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Is hyperinflation a real possibility?

  • 07-03-2022 11:09pm
    Registered Users Posts: 2,969 ✭✭✭

    I've been asking myself this question for the past few months,

    Steel, timber, diesel, have all at least doubled in price in the last 18 months, fertiliser has tripled in price, everytime you walk into a shop now it seems there is 20/30/40c thrown onto everything. I get meal bins filled every 2 weeks and everytime since last October it's gone up €10/t at a time.

    We're told inflation is running at 5.5% but what's the real inflation rate for the farmer?

    There was a price difference of 35c on a litre of diesel between the cheapest and dearest filling station today on my way into work! close to €140 to fill the tank and that'll last a week.

    Took a look at the local mart last week and weanlings were selling for the same price/kg as last year.

    It's disheartening to be running faster every year to stand still, but this year seems like i'm going backwards.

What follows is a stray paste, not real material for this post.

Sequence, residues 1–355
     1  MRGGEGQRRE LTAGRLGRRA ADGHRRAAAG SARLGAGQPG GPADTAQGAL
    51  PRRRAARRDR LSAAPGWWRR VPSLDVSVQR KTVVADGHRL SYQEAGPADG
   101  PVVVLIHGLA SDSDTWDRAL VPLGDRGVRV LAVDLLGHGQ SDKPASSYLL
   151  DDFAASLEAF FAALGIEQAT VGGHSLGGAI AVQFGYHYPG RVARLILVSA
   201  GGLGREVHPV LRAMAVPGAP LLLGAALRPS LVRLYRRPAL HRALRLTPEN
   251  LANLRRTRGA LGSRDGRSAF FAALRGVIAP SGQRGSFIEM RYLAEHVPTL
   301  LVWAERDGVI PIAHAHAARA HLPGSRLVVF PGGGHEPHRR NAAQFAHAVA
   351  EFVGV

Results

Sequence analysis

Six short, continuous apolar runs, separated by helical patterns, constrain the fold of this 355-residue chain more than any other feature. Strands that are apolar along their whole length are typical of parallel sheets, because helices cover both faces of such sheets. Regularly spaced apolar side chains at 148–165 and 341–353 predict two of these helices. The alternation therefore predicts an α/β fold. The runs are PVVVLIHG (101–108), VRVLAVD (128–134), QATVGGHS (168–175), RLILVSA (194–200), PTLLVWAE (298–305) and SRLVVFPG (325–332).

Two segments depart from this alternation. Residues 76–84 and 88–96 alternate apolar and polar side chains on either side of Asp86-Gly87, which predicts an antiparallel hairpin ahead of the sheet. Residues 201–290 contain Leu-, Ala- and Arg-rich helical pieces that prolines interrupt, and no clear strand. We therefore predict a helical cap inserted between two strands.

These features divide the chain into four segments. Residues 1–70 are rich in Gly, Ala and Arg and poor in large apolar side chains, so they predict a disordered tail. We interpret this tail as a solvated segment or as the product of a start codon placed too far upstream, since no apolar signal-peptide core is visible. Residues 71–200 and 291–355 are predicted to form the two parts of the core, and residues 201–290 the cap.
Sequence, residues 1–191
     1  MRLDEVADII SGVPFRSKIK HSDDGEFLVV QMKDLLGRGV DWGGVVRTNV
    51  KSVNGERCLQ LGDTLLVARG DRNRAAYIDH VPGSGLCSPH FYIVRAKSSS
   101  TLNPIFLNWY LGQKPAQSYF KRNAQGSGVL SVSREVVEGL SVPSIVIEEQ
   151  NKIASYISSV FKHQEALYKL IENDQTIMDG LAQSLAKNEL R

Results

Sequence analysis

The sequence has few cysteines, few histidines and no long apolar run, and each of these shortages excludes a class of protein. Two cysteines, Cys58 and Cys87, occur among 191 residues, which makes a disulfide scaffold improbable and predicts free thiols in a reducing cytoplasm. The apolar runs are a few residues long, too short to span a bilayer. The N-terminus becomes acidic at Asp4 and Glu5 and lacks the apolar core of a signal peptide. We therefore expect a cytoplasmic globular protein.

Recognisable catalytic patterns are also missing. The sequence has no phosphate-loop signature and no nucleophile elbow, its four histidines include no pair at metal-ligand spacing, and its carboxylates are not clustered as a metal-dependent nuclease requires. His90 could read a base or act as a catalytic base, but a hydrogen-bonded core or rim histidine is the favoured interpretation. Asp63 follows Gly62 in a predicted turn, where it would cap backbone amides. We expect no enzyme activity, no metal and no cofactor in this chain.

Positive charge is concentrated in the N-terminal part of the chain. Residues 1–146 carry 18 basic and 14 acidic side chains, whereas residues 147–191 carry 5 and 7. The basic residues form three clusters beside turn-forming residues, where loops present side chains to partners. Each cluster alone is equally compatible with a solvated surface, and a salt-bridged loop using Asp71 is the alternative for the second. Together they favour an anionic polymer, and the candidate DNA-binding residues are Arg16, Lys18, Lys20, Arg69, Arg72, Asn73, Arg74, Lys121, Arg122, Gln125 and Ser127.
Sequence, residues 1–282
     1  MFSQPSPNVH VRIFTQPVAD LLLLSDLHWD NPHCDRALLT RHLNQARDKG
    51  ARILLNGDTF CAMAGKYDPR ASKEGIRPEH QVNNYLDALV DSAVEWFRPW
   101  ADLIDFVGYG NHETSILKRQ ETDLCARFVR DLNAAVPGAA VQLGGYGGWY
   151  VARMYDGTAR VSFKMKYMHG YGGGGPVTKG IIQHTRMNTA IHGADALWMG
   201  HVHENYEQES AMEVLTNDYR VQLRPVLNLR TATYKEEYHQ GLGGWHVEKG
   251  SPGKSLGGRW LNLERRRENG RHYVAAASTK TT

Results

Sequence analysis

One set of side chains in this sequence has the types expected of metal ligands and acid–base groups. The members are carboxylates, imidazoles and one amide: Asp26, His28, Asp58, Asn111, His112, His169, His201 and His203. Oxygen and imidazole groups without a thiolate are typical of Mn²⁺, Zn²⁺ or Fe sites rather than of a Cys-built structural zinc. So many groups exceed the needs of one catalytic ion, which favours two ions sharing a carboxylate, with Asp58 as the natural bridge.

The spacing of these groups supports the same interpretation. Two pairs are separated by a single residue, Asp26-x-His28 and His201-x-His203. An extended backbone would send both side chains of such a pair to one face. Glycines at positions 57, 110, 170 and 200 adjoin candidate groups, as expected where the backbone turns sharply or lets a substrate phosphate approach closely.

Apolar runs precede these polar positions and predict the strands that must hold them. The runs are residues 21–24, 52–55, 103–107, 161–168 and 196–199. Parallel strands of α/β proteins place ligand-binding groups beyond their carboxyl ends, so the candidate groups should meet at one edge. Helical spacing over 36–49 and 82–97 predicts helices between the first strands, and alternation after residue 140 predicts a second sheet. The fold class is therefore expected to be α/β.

Does anyone else think we're at the start of hyperinflation or do you think it will settle back down?



  • Registered Users Posts: 13,712 ✭✭✭✭Danzy

    Probably not hyper inflation but probably problem inflation.

    Strangely enough while Russian crisis is driving it now, the resulting recession will likely take the heat out of inflation.

    In 2008 I said to herself that the economic crash was probably going to be the biggest event of our lives, then Covid and now the Ukraine.

    So who knows I still think that the pain will come from recession or stagnation and double digit inflation.

    Inflation for farming looks like it's about 15%, from my comparisons with other years, hard to properly weight but it is well above 5.5%

    It's very disheartening to be always fighting a rear guard action and still be improving year on year. My motivation for it took a real dive this year, sunlight and them at grass will bring it back some bit.

  • Registered Users Posts: 10,750 ✭✭✭✭patsy_mccabe

    Most reliable way to kill inflation is to increase interest rates. Not good for asset prices like house prices and share prices, but it works. During Covid, the production of goods and services stopped but governments kept giving out money. This had to lead to inflation. When inflation gets hold, it's very hard to stop it. A bit like a dog chasing it's tail. The US fed have already hinted at interests rate hikes, so they are on the way. The war in Ukraine put another cat among the pigeons.